As digital tools advance fields such as education and healthcare, there is a risk that these tools create a digital divide. This phenomenon, known as the Matthew Effect, suggests that those with the will and the means march ahead through these tools, whilst those with neither get increasingly left behind. As such, even incredibly well-intentioned inventions can do as much harm as they do good.
A recent study supports this, suggesting that many app developers are failing to really cater for the needs of those who could really benefit from the apps.
Delving Into mhealth
The study saw 137 of the highest rated health apps that are aimed at those with chronic conditions from both Apple and Google stores. Despite picking the cream of the crop however, the authors suggest that much still needs to be done, especially to reach patients living in challenging circumstances.
Their analysis provided a number of key findings:
- Whilst conditions such as diabetes have a deluge of possible apps, others, such as arthritis have very few.
- App ratings do not always equate to medical quality.
- Most of the apps had interactive qualities, thus allowing users to enter in their own health data. Few to date however provided feedback on this data, so users were ignorant of dangerously high levels, with this intervention level better in some conditions than others.
- Most apps also offer a range of tracking, education, and alert services. Whilst these functions are useful, few tailored this advice to the individual user and their individual circumstances.
- Data was typically capable of being shared with others, but the security of this communication was often poor. Only one of the apps allowed data to be shared directly into electronic health records.
“Clearly there is a large-scale proliferation of apps happening related to health, and people have made the switch over to smartphones,” the authors say. “But the question is, to what extent are apps serving the needs of patients with chronic diseases, and their caregivers, as opposed to generally healthy people seeking help with wellness.”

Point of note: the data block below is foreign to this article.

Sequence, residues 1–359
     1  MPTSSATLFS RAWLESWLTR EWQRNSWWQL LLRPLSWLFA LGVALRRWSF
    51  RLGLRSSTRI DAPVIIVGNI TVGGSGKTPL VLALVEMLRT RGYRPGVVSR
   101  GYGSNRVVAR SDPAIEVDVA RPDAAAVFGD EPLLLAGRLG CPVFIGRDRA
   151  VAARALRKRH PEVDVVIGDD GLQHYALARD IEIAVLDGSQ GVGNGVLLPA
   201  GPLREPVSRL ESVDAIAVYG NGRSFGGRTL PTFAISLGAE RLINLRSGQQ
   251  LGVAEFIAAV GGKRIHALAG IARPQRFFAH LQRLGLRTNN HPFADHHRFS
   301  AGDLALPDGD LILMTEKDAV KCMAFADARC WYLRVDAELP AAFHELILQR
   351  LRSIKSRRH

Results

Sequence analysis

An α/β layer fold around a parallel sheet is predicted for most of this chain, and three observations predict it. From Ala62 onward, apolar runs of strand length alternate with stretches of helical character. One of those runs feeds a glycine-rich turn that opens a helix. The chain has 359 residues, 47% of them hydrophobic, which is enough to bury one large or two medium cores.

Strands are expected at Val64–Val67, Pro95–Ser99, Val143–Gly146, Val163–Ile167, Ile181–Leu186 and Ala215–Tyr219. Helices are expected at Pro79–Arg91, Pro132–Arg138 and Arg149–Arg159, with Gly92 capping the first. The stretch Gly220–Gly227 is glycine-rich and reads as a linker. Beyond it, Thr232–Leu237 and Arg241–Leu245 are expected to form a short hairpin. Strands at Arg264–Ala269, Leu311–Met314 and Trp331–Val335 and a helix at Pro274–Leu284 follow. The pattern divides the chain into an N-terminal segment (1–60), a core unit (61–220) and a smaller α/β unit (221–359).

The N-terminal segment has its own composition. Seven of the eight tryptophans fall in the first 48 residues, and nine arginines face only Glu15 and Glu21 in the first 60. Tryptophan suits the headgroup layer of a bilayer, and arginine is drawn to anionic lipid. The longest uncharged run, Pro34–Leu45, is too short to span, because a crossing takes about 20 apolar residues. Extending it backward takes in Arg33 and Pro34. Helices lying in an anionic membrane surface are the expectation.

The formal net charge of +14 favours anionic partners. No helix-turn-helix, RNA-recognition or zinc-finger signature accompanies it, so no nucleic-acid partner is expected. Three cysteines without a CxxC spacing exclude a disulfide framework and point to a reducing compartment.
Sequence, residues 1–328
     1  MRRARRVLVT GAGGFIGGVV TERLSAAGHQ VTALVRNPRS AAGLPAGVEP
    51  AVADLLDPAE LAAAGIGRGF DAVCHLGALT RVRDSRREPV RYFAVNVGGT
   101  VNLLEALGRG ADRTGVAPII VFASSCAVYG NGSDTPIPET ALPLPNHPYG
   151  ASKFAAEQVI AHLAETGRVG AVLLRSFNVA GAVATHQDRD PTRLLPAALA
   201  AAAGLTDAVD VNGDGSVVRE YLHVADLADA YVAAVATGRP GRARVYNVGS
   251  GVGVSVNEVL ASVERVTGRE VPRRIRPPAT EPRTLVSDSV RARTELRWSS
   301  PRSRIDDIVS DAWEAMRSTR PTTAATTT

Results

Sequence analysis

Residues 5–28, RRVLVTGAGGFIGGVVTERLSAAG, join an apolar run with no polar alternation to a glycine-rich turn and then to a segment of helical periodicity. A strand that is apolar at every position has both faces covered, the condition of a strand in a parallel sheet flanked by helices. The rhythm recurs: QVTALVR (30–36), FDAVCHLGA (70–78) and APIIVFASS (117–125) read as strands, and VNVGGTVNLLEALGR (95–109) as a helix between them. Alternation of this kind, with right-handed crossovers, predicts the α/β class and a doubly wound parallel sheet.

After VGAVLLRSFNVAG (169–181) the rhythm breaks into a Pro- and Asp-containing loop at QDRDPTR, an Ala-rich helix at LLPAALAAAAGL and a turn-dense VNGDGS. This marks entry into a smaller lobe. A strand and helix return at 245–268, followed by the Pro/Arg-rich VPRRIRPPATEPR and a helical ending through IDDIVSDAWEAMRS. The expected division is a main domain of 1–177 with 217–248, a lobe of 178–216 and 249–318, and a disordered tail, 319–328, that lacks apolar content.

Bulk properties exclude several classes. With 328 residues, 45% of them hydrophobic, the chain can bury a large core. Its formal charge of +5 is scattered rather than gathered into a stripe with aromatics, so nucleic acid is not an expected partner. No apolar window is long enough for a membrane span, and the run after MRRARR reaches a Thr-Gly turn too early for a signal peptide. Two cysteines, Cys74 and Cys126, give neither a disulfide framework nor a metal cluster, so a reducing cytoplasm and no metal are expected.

“We found that the consumer-generated rating on the app store is a very poor marker of how usable an app is, and whether a physician would recommend it. Clearly, the work is not done once consumers have rated an app. Going forward, we need to evaluate apps on the basis of what would it take for physicians, and organizations that issue clinical guidelines, to start recommending them to patients,” they continue.
The more complex patients, such as those with social and economic barriers to healthcare, are often seen as a core market for health apps, but the study suggests more needs to be done to effectively support this group.
Particular attention needs to be given in alerting users to dangerous symptoms, especially given their personal circumstances, and then following this up with the appropriate advice. This level of advice is often complicated by the regulation surrounding mHealth apps, which are typically regulated by the FDA (in America), and similar bodies internationally.
The authors also believe that apps will not truly succeed until doctors adapt their own thinking to the new opportunities. Many clinicians continue to think in analog ways, and struggle to cope with the new demands of patients armed with digital tools and real-time data. It’s an issue that is sure to evolve as apps become both more powerful and more accepted, and this study is a good start point for that journey.